@WAKIdesigns: Was prolly the Giro Switchblade if I had to guess. IMO Bell Super DH vs 3R gives you an idea about DH vs not, seems worth it to me.
  • 1 2
 @davec113: Switchblade is the only one with a jaw that can be described as rigid. 3Rs jaw is for cosmetic damage only, Super DH doesn’t seem much more solid to me. I had them all in my hands and on my head.
  • 3 0
 Why are there no full face or detachable chin bar helmets rated? Was the testing limited to half shells? Just curious as I bought a Bell 3 Super with MIPS, Love to know how it's rated...
  • 2 0
 I did my mech eng thesis on this, I design an entirely new matrix material which performs rotational, oblique and direct impact protection all on one lovely lightweight package, that is also more environmentally friendly than polystyrene.

#plug #pleasehireme
  • 5 1
 BUT WHERE ARE MORE FIELD TEST REVIEWS?

SHAKE YO ASSES IN THE OFFICE BOYS AND GET THEM TO US HUNGRY PUNTERS

THAT'S ALL
  • 2 1
 Not that this discredits anything, but I was hoping for an explanation as to why a helmet that isn't new or redesigned is now testing as safer. The Rally MIPS isn't anything new, and the same way that I'm curious how it got safer I'm curious what changed for some of the helmets that had been ranked ahead of it...
  • 1 0
 Yeah I was hoping to hear more about the mips stuff but also the dual density foams and stuff designed to minimize smaller concussions as well. Or is that stuff already in there and I missed it?
  • 1 0
 It does mention that the rally was unique in bontragers proprietary Wave Cell™️ technology rather than MIPS. I'm pretty sure pink bike did a review on that and POC's spin stuff. I know you want all this stuff in one place, but it's here just search for it.
  • 1 0
 My daughter has been horse jumping the last few years, and I finally was able to get her a MIPS equestrian helmet (No, mountain bike helmets are "not the same" apparently). So, there are only 2 companies on the planet that have just introduced them. Since MIPS is a "revolutionary breakthrough in safety for equestrian riders", you guesses it - I forked over $350 for the exact same technology and no points for style compared to the Bontrager. Total crime.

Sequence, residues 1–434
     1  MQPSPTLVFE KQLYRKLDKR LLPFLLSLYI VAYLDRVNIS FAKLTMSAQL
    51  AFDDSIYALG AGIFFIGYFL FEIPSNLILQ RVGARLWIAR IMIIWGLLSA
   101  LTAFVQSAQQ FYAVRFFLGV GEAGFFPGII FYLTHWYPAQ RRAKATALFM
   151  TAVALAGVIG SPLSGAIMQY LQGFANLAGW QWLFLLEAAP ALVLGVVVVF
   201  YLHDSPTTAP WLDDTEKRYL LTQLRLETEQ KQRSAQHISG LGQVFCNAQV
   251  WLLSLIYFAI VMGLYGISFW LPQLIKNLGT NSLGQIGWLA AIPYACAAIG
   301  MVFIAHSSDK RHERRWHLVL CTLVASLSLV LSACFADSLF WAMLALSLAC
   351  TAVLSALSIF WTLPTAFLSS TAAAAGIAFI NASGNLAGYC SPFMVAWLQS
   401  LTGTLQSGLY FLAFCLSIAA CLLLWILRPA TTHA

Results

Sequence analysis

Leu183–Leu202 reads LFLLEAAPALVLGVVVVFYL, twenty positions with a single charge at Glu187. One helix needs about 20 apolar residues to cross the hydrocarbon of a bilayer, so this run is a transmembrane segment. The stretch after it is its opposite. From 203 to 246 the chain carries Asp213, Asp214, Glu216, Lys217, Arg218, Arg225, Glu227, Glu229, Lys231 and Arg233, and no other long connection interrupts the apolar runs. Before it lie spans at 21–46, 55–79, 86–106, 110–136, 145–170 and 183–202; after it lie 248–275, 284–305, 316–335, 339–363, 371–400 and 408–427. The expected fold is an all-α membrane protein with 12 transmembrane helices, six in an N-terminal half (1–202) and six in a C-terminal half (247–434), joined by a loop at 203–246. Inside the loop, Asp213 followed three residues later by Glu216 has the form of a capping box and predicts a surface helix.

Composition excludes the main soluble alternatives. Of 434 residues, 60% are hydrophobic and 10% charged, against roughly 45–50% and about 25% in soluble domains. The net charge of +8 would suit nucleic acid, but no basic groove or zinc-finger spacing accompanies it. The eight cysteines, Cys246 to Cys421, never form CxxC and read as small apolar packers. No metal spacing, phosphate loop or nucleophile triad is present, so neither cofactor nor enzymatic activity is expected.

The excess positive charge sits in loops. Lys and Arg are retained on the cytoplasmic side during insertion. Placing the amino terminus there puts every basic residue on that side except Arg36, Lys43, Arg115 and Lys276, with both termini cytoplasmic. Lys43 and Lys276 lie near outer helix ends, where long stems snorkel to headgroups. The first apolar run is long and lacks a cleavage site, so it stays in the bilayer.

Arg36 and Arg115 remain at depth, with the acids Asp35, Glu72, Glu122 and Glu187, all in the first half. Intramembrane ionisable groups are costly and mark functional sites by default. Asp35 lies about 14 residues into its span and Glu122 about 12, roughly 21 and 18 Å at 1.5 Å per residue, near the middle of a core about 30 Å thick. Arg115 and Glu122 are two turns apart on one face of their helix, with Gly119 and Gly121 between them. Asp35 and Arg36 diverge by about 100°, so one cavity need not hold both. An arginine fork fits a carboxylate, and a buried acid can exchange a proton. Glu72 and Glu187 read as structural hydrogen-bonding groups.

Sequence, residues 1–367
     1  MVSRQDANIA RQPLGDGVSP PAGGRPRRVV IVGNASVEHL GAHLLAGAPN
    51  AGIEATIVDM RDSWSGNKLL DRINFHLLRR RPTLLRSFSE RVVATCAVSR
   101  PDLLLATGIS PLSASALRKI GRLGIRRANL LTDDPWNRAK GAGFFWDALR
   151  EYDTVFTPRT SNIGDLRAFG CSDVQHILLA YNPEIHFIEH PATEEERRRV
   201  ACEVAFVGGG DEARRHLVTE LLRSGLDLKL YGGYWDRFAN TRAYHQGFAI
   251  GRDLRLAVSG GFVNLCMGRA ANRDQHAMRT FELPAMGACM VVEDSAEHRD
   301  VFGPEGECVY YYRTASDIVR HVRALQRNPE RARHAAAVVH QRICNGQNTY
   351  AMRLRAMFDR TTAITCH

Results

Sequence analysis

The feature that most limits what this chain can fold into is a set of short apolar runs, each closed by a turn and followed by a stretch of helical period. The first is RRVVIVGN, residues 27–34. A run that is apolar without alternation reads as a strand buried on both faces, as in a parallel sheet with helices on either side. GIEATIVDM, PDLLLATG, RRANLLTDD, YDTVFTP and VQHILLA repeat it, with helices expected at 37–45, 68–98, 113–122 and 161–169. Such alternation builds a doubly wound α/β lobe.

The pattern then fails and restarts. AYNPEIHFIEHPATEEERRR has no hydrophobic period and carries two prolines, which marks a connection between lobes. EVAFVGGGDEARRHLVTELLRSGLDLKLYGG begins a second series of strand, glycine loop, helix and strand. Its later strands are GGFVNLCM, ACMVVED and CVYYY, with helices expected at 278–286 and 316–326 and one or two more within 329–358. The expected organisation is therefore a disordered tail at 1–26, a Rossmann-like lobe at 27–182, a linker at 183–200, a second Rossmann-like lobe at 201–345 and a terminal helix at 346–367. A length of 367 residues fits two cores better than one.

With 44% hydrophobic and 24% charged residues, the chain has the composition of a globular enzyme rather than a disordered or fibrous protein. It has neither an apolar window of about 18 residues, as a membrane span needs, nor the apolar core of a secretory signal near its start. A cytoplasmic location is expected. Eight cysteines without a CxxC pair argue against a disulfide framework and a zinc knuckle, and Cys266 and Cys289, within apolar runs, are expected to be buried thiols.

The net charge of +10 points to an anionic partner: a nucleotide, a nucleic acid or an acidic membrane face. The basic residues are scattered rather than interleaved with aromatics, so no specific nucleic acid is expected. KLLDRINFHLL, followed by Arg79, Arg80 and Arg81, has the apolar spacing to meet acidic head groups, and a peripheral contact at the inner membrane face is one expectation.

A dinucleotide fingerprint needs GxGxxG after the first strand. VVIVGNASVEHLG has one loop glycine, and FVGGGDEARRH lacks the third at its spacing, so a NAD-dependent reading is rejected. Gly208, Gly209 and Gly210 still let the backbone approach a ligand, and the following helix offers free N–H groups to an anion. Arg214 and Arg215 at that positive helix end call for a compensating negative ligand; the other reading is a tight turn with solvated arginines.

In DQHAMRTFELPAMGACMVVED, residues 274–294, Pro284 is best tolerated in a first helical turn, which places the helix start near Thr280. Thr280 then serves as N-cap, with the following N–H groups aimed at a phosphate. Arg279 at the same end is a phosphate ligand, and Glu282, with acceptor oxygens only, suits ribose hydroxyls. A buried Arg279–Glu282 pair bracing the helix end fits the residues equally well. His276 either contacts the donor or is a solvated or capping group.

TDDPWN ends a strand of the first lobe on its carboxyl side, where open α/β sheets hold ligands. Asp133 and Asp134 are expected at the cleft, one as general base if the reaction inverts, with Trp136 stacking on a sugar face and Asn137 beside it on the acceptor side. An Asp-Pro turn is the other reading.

• 1 0
 MIPS is a good start to get the ball rolling for more advanced technology that will eventually be much more effective. Unfortunately, MIPS does not render the protection it is designed to do during a direct impact without rotation. It's kinda like air hockey, where the puck drifts effortlessly around the table until it is struck by a direct hit from the goalie mallet. Now, imagine if the goalie mallet was made of a type of gel or liquid that is encapsulated in a sack, kinda like a breast implant. Let the comments start LOL!!!
  • 1 0
 I have a Rally MIPS and a Blaze Wavecell. The Rally is heavy as heck, and the MIPS liner makes my head sweat really badly. The Rally is so heavy in fact that it makes my neck tired after a long day in the saddle. The Blaze isn't a fly weight but isn't as heavy and contrary to my initial reaction, has very good ventilation. There's sort of a venturi that will pull heat from the wavecell and it works, well. Plus Bontrager has their crash replacement policy, which I've used twice since switching to Bontrager helmets. My POC Octal I use for road and commuting is super light and very well ventilated, but who knows about safe it is without any MIPS.
  • 19 19
 This kind of testing does not reflect real world. Its clear, that in this case MIPS is beneficial. In real environment however, helmet is not stick to solid mold. Natural movement (also rotational) is obvious thing (just try to shake your helmet). Of course MIPS is huge benefit, when helmet is firmly stick to solid figure.